MILAN – How did Norway turn into a nation of coffee lovers? And how does coffee fit into everyday Norwegian life? People in the Nordic countries drink a lot of coffee. Most Scandinavian countries consider it their national drink. Nordic countries boast the highest per capita consumption figures in the world.
In an article for the website Life in a Norway Mathew Paul Gundersen explains why coffee drinking so important in this country.
Typically, Norwegians drink coffee at breakfast and at dinner after the meal or with dessert, says Gundersen. Then there’s the coffee consumed during the day. Those cups at work quickly add up.
In Norway’s capital Oslo, there is a coffee shop on most street corners
Because coffee is so readily accessible, Norwegians can easily keep up their habit of at least two cups per day. Many drink way more than that.
The history of coffee in Norway
Between 1917 and 1927, Norway had a prohibition on alcohol, but this mainly applied to spirits.
Some believe that this restriction on alcohol partly resulted in Norway becoming the coffee-drinking nation it is today. Even when alcohol was available, the high price pushed people to find another social drink.
Coffee arrived in Norway in the early eighteenth century, where, just like Europe, it was a drink mostly enjoyed by the wealthy. This was despite Norway being a fairly poor nation at that time.
Coffee still trickled down to the poorest parts of society, helped by an increase in trading that saw a sharp increase in people drinking coffee.
Despite these initial factors, I believe one of the biggest reasons for the spike in coffee’s popularity in recent years is largely to do with the country’s climate.
Norwegian coffee shop chains
In the dark and cold of a Norwegian winter, it’s fairly common to see coffee shops full with people huddled over their steaming mugs in warm and cosy surroundings. Norway’s climate means it’s even more of a reason to visit a coffee shop. It’s also a popular pastime during afternoon shopping, taking time out to recharge before returning to the shops.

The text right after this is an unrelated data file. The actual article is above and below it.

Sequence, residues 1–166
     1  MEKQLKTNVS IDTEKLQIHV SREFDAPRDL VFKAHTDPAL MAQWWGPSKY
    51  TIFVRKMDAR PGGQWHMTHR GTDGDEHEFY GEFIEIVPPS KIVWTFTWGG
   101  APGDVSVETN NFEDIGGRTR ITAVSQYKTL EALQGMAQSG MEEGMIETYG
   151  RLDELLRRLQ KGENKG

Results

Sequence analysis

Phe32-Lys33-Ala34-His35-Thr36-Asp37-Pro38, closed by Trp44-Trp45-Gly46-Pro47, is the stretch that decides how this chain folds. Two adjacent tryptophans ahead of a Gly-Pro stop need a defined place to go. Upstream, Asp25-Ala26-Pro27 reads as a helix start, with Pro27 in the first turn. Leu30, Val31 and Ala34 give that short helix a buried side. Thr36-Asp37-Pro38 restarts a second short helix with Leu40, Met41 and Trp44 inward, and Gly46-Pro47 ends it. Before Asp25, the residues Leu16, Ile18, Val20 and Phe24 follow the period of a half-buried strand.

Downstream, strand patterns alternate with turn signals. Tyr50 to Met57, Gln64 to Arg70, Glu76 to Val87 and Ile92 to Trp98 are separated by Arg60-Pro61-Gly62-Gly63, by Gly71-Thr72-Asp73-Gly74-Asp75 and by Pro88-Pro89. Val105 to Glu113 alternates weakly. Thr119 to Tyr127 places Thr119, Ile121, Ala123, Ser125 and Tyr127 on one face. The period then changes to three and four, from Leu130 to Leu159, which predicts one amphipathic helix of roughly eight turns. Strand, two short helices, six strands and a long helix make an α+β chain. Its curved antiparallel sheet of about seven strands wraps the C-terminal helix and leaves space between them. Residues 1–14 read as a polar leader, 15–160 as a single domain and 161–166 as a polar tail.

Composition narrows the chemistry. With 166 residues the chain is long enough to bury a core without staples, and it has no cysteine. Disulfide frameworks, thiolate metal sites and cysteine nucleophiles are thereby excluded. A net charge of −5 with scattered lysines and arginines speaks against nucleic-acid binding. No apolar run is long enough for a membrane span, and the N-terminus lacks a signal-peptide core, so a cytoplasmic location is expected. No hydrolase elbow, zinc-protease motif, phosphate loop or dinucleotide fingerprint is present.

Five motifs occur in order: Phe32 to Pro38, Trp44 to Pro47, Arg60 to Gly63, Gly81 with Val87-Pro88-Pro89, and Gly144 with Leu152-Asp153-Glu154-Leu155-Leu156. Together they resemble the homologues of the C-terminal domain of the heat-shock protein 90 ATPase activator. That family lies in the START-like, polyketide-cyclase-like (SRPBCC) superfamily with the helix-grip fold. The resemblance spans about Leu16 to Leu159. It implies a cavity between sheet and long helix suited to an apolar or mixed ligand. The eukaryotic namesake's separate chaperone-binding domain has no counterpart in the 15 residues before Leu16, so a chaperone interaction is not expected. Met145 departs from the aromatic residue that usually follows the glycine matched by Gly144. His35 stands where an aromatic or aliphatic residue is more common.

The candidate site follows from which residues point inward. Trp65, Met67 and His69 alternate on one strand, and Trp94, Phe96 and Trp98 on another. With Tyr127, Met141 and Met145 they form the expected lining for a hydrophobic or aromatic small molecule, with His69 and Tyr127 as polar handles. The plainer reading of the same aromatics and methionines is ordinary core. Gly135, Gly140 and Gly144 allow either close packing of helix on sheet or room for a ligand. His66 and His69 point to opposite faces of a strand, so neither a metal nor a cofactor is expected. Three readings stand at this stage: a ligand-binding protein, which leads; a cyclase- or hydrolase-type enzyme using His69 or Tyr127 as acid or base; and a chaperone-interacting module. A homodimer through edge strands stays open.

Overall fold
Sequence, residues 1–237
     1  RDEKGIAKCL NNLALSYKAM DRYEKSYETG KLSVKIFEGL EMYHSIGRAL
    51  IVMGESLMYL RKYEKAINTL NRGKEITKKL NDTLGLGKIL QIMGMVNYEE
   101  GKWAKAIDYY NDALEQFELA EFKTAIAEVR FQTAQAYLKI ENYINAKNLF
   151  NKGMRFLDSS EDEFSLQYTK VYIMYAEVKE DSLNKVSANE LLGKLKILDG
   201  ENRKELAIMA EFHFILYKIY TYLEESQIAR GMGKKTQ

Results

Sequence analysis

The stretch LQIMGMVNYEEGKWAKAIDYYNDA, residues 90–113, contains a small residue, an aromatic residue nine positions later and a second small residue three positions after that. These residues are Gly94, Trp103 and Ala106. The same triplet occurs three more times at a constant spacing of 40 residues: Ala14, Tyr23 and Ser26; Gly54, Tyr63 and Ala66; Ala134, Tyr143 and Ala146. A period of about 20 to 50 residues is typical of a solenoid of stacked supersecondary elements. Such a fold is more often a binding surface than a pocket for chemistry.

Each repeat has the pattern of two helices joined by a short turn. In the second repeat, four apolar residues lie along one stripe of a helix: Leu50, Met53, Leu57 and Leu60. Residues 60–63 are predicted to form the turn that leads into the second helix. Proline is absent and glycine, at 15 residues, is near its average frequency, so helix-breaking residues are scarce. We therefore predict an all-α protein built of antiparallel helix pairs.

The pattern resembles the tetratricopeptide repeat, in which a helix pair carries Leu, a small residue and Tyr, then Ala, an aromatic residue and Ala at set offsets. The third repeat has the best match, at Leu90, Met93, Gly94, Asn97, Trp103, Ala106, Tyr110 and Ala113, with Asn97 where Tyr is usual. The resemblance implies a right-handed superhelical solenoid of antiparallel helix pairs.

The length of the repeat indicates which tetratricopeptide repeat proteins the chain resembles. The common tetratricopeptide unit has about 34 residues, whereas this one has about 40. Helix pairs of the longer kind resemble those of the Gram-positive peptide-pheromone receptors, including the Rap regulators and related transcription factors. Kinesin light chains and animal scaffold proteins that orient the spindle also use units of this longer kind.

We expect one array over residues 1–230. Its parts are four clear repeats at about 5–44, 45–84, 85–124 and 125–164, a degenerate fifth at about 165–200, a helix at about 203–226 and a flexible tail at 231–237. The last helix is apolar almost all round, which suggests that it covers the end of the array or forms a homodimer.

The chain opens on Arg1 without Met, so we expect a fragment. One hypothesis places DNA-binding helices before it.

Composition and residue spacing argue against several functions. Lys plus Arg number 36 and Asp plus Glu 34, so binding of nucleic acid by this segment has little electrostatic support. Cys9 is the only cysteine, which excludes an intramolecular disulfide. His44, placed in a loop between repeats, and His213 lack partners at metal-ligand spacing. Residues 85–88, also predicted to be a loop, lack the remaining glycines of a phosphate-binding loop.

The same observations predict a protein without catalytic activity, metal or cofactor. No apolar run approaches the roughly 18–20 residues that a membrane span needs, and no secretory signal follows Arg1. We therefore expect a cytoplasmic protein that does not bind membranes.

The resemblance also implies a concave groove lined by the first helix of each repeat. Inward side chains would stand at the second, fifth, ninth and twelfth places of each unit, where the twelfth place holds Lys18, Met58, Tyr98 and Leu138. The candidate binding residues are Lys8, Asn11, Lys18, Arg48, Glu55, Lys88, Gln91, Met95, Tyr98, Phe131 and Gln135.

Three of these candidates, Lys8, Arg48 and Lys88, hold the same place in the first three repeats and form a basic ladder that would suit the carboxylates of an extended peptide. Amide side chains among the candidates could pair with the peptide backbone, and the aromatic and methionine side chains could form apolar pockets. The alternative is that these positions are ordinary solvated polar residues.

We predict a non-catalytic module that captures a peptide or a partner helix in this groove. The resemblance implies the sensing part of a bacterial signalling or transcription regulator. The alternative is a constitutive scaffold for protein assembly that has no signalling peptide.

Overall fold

Espresso House, belonging to Jab Holding Company, is the most frequent face of all coffee shops in Norway and is the largest chain in all Nordic countries. It was founded in Lund in Sweden in 1996 and now has 430 locations across Norway (44), Finland (44), Denmark (52) and Sweden (243).
In addition, it also has a total of nine outlets in Germany. Espresso House serves everything you could expect from a coffee shop, including festive varieties on coffee during the holidays and many iced versions of traditional favourites during the warmer months.
Coffee shops in Oslo
Another prominent player in coffee shops in Norway is Kaffebrennerient. Unlike Espresso House, Kaffebrennerient is located only in Norway and has a focus on Oslo. It was founded two years before Espresso House in 1994, but different in its interior and overall coffee shop ethos.
Kaffebrennerient was built on the model of the coffee shops of the west coast of America – clean and sleek shops with an open plan feel. The chain boasts over twenty shops in Oslo alone.
But many Oslo locals and especially the coffee connoisseurs prefer Stockfleths. The expert brewers trace their origins back to 1895. It’s also the place where Oslo coffee expert Tim Wendelboe got his start.
Coffee by Tim Wendelboe
Tim now runs his own roastery and espresso bar espresso bar, but spends much of the year working directly with the farmers who grow his beans. Read this interview with Tim to find out more about his story.
Independent coffee shops in Norway
There are also numerous independent coffee shops in Norway. Check review sites for the coolest places to hangout and for the best coffee in town, of course. The smaller coffee shops can often be the best places to get your caffein fix, often offering something a little different compared to regular, bigger chain coffee shops. And of course, you’ll nearly always find a Starbucks hidden away down a city street if you get stuck.
Coffee facts & figures about coffee in Norway
- In Norway, 9 out of 10 adults drink coffee
- 2 out of 3 of them drink coffee everyday
- 2 out 3 people also have a coffee machine in their home
Coffee and hiking
Coffee is as much a part of Norwegian hiking as hiking boots, Kvikk Lunsj or the humble sandwich. Turkaffe (hiking coffee) is a tradition that goes back a long way. To go hiking or camping in Norway without coffee would be like going skiing without skis – it simply wouldn’t happen.
For many, drinking coffee on these trips is something that has been passed down from generation to generation, and coffee drinking can start in childhood. While short trips may be about bringing a thermos and stopping for a black coffee and Kvikk Lunsj break, on longer jaunts it’s as much about the process of making coffee.
It might start with the collecting of wood and starting the fire (or using a gas stove), readying the pot, then waiting for the freshly brewed coffee. Hiking just wouldn’t be hiking without coffee, concludes Gundersen.